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Old 02-08-2010, 10:53 PM   #25
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I'm from Portland and I don't like it.

For one thing, IPAs with roasted grains (the big American brown ales) have been around for a long time and did not originate in the PNW. The switch from chocolate malt to carafa special which made the beer darker with less roasty flavor was a PNW twist but if you want to give credit for dark IPAs to a particular region, give it to Texas.

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Old 02-08-2010, 10:56 PM   #26
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Quote:
The best Black IPA I've had was one from Port Brewing in Carlsbad, CA.
I'd argue that much (if not all of) California could be considered geographically part of 'Cascadia'. The mountains that define the region run from Central British Columbia to Northern California, and some could argue to Mexico. Its this region that has shaped a lot of micrbeer culture and this homage is fitting to some extent. However like I metioned previously, with 75% of hops grown in Central Washington for the US markets can you really argue that there are "Northwest" hops? I get it though, Cascade is certainly a regional varietal both in name and heritage. But again what is the linage of that variety? Hops strains come and go, and if they are nearly all being grown out west, well..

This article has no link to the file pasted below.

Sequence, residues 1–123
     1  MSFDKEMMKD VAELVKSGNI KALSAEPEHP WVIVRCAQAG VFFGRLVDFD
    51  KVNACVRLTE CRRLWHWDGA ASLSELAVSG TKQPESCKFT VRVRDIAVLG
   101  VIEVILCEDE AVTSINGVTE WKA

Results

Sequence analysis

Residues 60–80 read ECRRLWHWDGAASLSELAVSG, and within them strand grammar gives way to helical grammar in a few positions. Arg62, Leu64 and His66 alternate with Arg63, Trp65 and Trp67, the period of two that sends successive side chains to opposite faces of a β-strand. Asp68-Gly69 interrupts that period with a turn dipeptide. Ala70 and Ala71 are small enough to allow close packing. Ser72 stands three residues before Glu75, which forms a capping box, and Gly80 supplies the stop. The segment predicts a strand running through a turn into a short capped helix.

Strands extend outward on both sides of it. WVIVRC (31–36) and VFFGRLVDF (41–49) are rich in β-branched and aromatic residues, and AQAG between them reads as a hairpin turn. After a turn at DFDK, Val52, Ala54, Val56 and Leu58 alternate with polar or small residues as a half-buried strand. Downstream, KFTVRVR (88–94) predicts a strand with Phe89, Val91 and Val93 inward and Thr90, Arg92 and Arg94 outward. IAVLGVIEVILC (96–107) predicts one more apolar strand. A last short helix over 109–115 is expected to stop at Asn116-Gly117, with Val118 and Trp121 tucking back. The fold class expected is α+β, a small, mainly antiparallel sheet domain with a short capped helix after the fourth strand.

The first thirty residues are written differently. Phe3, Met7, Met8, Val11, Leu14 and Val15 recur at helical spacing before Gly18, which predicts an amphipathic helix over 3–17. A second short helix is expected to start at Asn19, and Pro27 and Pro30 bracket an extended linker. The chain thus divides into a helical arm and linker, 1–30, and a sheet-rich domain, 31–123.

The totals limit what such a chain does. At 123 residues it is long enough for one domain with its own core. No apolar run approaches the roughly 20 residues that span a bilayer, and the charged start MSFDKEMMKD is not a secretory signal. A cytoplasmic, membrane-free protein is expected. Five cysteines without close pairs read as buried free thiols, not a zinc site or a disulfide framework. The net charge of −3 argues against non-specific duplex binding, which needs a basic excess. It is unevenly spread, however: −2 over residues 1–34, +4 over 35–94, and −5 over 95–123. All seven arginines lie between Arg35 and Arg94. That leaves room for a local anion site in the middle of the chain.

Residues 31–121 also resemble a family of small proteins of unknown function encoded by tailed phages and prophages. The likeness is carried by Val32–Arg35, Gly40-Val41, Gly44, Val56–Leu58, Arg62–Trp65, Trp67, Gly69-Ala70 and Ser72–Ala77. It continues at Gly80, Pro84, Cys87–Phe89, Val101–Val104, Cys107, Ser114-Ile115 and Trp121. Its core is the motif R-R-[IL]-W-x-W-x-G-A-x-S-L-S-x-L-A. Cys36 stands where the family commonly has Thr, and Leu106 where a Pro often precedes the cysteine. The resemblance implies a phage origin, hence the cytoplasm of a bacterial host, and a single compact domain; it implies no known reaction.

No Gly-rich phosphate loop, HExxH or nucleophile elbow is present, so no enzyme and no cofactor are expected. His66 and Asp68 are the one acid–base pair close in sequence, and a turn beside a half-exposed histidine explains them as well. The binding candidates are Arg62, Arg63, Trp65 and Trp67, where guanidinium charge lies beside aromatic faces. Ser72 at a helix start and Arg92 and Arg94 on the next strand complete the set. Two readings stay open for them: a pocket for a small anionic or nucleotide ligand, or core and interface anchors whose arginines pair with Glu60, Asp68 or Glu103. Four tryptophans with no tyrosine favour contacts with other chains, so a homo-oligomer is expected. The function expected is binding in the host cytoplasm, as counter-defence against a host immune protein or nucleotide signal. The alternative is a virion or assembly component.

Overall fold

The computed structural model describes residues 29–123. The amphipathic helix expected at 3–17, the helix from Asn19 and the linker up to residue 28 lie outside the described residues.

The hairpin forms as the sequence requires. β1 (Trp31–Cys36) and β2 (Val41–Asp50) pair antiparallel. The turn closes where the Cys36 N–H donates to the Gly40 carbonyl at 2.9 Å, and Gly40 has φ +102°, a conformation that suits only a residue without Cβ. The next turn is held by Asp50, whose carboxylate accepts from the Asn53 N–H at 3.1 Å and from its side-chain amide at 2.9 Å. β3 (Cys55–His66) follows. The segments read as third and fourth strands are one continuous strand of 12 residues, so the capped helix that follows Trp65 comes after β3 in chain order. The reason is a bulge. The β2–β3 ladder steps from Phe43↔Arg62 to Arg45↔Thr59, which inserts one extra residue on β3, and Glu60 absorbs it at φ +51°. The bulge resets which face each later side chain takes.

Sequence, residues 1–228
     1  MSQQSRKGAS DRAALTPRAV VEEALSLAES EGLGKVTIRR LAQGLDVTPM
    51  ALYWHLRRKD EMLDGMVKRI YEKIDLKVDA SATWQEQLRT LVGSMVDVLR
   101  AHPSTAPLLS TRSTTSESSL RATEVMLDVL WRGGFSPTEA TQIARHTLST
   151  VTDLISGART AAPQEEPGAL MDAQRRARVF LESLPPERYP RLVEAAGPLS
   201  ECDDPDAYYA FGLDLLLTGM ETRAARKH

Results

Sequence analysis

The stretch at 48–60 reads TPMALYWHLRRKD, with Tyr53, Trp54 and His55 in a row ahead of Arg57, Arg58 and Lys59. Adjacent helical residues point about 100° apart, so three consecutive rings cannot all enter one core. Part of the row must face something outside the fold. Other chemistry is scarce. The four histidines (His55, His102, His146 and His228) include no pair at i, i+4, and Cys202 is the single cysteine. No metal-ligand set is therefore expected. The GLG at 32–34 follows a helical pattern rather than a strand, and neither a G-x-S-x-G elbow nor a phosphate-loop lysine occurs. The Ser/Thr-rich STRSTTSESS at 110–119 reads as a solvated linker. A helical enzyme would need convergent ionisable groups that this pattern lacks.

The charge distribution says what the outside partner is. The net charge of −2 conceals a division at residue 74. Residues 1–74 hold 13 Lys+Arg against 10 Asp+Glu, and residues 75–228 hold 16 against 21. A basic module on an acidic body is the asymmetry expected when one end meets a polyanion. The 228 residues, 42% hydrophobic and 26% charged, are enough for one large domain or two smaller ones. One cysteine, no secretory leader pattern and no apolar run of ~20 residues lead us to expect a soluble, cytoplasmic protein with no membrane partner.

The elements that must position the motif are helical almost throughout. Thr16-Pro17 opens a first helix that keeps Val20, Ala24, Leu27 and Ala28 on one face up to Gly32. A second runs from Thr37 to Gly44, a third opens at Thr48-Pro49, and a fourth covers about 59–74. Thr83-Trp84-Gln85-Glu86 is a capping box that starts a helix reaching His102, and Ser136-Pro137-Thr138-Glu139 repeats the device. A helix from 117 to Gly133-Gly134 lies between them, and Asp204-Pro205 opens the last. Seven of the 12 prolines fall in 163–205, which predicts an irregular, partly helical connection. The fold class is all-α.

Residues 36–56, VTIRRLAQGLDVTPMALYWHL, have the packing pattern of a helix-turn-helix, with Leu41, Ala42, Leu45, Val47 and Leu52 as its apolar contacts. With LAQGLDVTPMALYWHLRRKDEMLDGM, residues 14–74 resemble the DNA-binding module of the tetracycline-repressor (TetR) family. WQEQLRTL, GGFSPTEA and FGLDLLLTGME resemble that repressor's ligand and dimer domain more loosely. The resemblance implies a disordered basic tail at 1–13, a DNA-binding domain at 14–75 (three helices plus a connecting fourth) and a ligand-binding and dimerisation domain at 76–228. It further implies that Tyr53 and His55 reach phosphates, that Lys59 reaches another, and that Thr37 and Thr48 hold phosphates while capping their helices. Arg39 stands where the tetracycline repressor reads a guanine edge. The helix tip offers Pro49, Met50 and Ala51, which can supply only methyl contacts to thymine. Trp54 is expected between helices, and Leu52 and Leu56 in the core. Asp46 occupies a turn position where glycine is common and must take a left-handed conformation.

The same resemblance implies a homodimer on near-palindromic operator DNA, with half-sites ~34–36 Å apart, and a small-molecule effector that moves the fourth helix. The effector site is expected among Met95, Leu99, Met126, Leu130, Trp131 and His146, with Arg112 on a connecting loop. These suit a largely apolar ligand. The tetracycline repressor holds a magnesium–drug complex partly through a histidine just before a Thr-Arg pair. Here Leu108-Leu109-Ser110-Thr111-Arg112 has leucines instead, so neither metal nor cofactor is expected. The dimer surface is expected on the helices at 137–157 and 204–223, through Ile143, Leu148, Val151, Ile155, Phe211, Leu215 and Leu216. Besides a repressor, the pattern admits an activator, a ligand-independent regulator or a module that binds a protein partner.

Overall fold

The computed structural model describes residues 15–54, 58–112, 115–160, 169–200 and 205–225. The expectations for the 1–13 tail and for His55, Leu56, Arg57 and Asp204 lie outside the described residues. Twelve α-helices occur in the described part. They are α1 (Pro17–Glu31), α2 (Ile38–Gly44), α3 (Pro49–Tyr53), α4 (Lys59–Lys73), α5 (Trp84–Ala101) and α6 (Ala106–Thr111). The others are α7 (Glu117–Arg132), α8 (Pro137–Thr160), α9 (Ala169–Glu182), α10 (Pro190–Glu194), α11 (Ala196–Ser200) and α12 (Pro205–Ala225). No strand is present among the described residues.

I guess maybe calling it an American Dark Western Ale or something could be more fitting. But I think the idea is really to give a distinction to the regional trend of darker color and copious amounts of Cascade...
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Old 02-08-2010, 11:08 PM   #27
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What about American Dark Ale?
No, no, we should actually go back and re-name anything labeled as "american" to give props to whichever hood it was thunk up in.

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I find it amusing that the OREGON brewers place such a repeated emphasis on the use of NW hops in the guideline. I count 8 such references. Maybe we should just cut to the chase and require that the beer be brewed in the northwest.
Right, so we can just brew the same recipe with English or German hops and make up our own name.
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Old 02-08-2010, 11:17 PM   #28
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I'm going to be the first to brew an Imperial Stout with only citra hops and fermented in a red wine barrel. It'll be called the Gregory Street stout and it will be terrible. I just want my own geographical style.

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Old 02-09-2010, 12:02 AM   #29
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Wow, such hate. Honestly isn't this just the recognition of a common trend in brewer culture currently? If you do something different and it catches on and after a decade its pretty common and has legitmate commercial production what's wrong with classifying it? So maybe it is a happy handy to the PNW crowd, but honestly, this is what's happening up here. This beer is a style and damn near every pico, micro, and quasi macro craft brewer is doing something that fits this style in the region.

Besides the BJCP has plenty of other 'regional' catagories, how about: 12C Baltic Porter, 6A Cream Ale, 6C Kolsch to name but a few...

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Old 02-09-2010, 12:11 AM   #30
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I don't hate it. I just think it is silly and pretentious.